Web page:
For this to go ahead, you will need to own a proportion of your property – 25% is a standard minimum requirement – on which your children’s lender will put a charge.
One of the plus points is that potentially, your child could borrow up to 100% of a property's value with a guarantor mortgage, which doesn’t require any deposit to go ahead.
If your child keeps up with their repayments, there’s nothing for you to pay. However, if they default on the loan, you are liable to make up any shortfall.
Family Offset Mortgages
If you can't afford to contribute towards a deposit, a family offset mortgage might be another way to help.
Essentially, you put forward savings which go into an account linked to your child’s mortgage. Effectively, your savings then act as a deposit and the balance of the savings is deducted from the value of the mortgage, allowing your child to secure a mortgage at a lower loan-to-value rate.
This is a great way to help whilst retaining your funds for any future plans. The money is locked in for an extended period of time. Usually when the mortgage is worth 75% to 80% of the property’s value. Your child can’t access the funds, but you can should you need to, though some lenders may require a minimum amount to remain in the account.
Typically, a 5% deposit would still be required on top of this so your child will need to have saved something to put towards this.
After a certain amount of time has passed or a certain amount of the debt has been repaid, the money can be given back in full and sometimes with interest.
Another option is to take out a joint mortgage with your child. If you opt to go down this route, both parties will be named on the mortgage agreement and the deeds for the property, and both of your incomes will be assessed for mortgage purposes.
The difference is you would legally own a share of the property. What share of the monthly payments you take on would need to be agreed with your child up front.
It’s worth noting if you already own a property, you and your child will have to pay a 3% extra stamp duty because the government considers this to be a second property.
There is a variation of this arrangement which could save on costs. It’s known as a joint borrower, sole proprietor (JBSP) mortgage. In these deals, you and your child’s income are assessed for the mortgage, but you are not named on the property deeds. Find out more about joint mortgages.
There are lots of different equity release options which allow older homeowners to access their property wealth without having to move. The benefits to this become clear if you’re asset-rich but cash-poor, as it allows you to draw a regular income from your biggest asset – your home.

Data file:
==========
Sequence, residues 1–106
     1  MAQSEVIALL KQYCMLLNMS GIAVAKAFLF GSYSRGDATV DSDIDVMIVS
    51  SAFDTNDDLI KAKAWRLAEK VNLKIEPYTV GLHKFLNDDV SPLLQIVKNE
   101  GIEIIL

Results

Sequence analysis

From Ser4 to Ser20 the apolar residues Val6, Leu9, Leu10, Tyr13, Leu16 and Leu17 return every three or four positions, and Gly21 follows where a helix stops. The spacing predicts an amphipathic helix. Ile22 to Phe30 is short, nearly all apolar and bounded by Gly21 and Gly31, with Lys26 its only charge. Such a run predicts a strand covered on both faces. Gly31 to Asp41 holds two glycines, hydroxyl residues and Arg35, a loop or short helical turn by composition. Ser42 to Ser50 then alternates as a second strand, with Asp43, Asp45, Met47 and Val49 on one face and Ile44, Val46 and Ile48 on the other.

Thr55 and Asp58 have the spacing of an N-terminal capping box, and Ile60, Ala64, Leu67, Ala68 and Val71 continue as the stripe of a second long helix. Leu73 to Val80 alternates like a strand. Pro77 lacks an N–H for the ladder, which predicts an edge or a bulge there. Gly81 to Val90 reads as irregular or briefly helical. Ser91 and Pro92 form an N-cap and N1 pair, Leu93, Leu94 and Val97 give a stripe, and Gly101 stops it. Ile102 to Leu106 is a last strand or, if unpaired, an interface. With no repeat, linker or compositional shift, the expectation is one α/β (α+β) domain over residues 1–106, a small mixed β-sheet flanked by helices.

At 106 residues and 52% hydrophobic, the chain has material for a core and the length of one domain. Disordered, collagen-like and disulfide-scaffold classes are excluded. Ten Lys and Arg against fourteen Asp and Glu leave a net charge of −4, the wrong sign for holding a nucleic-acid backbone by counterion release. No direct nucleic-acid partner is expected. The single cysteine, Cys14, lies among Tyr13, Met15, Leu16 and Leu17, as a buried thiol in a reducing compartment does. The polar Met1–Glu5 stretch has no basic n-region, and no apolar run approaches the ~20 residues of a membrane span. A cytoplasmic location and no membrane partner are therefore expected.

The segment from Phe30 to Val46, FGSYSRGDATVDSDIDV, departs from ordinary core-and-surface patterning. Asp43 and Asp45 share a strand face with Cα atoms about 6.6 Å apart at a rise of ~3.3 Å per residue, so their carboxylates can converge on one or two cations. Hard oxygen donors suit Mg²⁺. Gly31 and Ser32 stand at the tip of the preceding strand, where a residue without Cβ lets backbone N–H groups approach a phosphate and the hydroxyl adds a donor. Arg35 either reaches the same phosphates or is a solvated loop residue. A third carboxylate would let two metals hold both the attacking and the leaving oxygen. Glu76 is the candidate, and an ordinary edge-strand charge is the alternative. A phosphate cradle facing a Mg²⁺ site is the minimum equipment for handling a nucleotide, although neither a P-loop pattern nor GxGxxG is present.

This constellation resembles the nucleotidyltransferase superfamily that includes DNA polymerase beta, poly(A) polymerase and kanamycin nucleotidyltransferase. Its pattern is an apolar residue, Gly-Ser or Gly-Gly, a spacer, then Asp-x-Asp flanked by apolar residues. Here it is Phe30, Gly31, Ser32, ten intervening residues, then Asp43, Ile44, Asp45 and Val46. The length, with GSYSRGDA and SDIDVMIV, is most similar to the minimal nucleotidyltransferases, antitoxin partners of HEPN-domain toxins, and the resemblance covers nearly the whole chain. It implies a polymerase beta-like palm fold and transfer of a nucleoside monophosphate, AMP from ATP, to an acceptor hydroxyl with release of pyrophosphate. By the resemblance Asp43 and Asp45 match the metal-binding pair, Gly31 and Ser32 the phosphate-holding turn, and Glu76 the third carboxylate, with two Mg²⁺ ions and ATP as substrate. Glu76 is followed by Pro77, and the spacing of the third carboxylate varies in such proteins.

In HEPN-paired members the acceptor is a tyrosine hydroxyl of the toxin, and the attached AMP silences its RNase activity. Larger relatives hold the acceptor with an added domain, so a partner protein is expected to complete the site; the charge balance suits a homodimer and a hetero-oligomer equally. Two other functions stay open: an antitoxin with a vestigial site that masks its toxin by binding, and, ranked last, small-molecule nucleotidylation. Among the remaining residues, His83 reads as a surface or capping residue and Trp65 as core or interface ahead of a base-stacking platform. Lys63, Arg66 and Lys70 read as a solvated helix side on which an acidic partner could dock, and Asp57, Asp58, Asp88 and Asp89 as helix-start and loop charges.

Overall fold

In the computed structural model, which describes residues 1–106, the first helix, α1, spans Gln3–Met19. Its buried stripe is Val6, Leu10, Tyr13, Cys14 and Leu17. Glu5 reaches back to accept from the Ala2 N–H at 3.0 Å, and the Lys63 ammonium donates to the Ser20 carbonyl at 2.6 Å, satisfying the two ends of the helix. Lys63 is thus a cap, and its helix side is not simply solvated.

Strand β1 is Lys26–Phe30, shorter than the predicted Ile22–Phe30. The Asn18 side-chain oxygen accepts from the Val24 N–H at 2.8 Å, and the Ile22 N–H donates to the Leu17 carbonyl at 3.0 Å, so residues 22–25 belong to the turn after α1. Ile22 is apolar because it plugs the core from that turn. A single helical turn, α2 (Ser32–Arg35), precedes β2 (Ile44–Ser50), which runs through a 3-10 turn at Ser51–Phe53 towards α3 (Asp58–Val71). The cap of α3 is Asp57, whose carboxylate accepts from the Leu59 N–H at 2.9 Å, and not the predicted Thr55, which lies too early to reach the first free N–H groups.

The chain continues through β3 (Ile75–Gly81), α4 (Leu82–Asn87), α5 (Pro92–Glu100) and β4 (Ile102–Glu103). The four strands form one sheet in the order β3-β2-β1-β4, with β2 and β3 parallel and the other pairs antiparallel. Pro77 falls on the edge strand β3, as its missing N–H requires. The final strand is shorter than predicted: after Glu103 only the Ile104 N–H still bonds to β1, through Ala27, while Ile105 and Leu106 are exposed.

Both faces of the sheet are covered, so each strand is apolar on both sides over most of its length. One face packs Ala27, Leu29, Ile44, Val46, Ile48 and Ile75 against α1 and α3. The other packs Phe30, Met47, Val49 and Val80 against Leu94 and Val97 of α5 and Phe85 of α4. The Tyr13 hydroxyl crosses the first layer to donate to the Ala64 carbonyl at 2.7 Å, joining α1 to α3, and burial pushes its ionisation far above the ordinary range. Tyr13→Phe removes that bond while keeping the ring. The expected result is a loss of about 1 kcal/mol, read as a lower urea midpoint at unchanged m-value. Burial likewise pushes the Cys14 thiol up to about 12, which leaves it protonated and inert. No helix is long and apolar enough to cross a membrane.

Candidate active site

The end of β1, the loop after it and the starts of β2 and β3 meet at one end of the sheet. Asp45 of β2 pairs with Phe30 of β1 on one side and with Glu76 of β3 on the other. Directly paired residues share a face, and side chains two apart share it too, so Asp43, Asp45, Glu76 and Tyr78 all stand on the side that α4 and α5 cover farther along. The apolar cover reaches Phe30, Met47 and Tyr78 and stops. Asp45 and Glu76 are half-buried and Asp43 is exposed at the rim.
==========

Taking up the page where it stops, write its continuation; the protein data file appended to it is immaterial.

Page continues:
Some schemes offer the flexibility to make regular interest repayments, some allow you to access the money as and when you need it, and others allow you to pass on a guaranteed inheritance.
This is a way to give your children their inheritance early, by borrowing money on the understanding that it will be repaid after your death, via the sale of your home.
Typically, you can borrow up to 50% of the value of your home (depending on your age and health) and will not have to make any repayments - interest is added to the lump sum that must be repaid after your death.
There are two main types of equity release: lifetime mortgages, which allow you to borrow money against your house; and home reversion, whereby you sell a share in your house.
However, it’s important to note that this is not a straightforward option and has many pros and cons, do your homework before jumping in.
Be aware that there are risks in all of the above options. Make sure you research fully the one that’s right for you and your financial and personal circumstances.
Think about what happens if you act as a guarantor on your child's mortgage but are not able to make the mortgage payments if required? Worst case scenario, there is always a risk that you could lose your home if things go wrong.
- Think long term about whether you can really afford to help - not just today, but over the next five - 10 years
- Get professional advice from a property solicitor
- Get help from a mortgage broker
- Read the full terms and conditions before signing up to a mortgage
- Make sure your child gets the best deal available to them with your help